The institutional building categories as a group dropped 21% in October, following a 9% gain in September and a 21% hike in August. The educational facilities category fell 19%, although October did include these projects – the $160 million renovation and expansion of the Philadelphia Museum of Art in Philadelphia PA, a $125 million science and engineering research facility at the University of Texas at Arlington, and the $93 million renovation of the Museum of Modern Art in New York NY. Healthcare facilities plunged 47% after being lifted in September by the start of eight healthcare facilities valued each at $100 million or more.
In contrast, October included just four such projects, led by the $300 million New York Methodist Hospital expansion in Brooklyn NY. Of the smaller institutional categories, declines were reported in October for amusement-related work, down 4%; religious buildings, down 12%; and transportation terminals, down 15%. The public buildings category in October registered a 16% gain, reflecting $100 million for phase 2 of the San Ysidro Border Station in San Ysidro CA. The decline for total nonresidential building in October was cushioned by a 250% surge for the manufacturing plant category, boosted by the start of a $1.4 billion ethylene plant in Louisiana.
Nonbuilding construction in October increased a slight 1% to $152.4 billion (annual rate), as a 21% gain for public works balanced a 46% drop for electric utilities/gas plants. The public works advance was led by a 168% surge for the “miscellaneous public works” category, which featured the start of the $1.7 billion Mid-Coast Corridor Transit Project in San Diego CA, which will extend trolley service in the San Diego area. Highway and bridge construction in October slipped 4% after rising 16% in September which reflected the boost coming from the $916 million segment of the Loop 202 (South Mountain Freeway) project in the Phoenix AZ area. October did include the start of the $850 million State Highway 288 Tollway project in the Houston TX area. The environmental public works categories weakened in October, with sewer systems down 8%, water supply systems down 14%, and river/harbor development down 19%. The 46% drop for electric utilities/gas plants in October followed a sharp 219% increase in September, although October still included the start of several large projects, such as a $450 million wind farm in Missouri.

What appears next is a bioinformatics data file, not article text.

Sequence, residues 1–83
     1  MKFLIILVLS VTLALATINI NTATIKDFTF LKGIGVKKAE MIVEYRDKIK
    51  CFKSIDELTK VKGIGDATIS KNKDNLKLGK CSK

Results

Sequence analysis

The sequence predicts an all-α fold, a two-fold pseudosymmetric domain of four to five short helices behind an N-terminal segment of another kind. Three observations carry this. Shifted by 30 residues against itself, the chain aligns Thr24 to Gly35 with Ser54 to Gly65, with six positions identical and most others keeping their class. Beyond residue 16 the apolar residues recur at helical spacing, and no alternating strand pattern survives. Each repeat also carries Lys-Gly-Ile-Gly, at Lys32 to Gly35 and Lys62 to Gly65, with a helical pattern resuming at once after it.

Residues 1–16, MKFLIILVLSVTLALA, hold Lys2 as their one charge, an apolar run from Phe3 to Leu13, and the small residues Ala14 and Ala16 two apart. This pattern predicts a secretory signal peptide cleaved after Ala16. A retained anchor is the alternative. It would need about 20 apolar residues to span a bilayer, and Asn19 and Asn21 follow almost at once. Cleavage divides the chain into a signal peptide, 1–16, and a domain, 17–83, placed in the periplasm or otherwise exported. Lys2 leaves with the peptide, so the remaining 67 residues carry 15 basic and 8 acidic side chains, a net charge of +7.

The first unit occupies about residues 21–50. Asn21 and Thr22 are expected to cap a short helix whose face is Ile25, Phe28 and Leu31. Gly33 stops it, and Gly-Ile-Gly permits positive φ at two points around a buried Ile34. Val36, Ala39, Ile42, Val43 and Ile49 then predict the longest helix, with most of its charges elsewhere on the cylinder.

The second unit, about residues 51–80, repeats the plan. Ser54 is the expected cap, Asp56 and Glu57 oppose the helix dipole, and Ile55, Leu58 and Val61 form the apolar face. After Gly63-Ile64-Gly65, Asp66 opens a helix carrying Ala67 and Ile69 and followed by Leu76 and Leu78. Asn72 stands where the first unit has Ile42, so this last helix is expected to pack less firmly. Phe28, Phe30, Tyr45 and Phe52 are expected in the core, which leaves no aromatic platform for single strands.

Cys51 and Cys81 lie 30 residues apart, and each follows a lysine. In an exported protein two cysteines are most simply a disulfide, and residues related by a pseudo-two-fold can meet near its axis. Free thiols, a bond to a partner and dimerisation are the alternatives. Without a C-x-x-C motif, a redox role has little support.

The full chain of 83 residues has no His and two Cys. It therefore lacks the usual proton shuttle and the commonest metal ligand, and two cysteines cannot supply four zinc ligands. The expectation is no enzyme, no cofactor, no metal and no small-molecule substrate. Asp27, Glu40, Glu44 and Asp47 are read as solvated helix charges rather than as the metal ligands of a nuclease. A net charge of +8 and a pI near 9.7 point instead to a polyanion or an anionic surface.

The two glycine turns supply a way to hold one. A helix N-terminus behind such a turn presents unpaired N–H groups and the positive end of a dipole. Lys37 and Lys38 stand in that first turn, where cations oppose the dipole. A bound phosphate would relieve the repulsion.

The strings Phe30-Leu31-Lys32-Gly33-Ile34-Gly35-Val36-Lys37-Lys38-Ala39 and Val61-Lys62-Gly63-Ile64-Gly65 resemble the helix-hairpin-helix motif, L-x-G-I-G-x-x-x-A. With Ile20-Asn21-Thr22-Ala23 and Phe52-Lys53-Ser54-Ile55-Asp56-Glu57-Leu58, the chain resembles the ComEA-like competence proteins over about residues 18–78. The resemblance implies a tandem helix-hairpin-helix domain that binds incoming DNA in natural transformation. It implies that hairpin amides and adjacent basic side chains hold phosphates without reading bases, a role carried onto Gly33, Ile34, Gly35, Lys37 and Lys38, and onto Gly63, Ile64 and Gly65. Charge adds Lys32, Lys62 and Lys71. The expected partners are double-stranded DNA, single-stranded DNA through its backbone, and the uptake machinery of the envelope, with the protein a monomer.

The 1% retreat for total construction starts on an unadjusted basis for the January-October period of 2016 came as the result of a varied pattern by major sector. Nonresidential building year-to-date matched the same period a year ago, with commercial building up 10%, institutional building even with last year, and manufacturing building down 36%. Residential building year-to-date rose 5%, with single family housing up 7% and multifamily housing up 1%. Nonbuilding construction year-to-date fell 11%, with public works down 3% and electric utilities/gas plants down 28%. By geography, total construction starts during the first ten months of 2016 showed this performance relative to a year ago – the Midwest and West, each up 7%; the South Atlantic, up 6%; the Northeast, down 3%; and the South Central, down 18% (due to this region’s comparison to last year which included the start of several massive liquefied natural gas export terminals).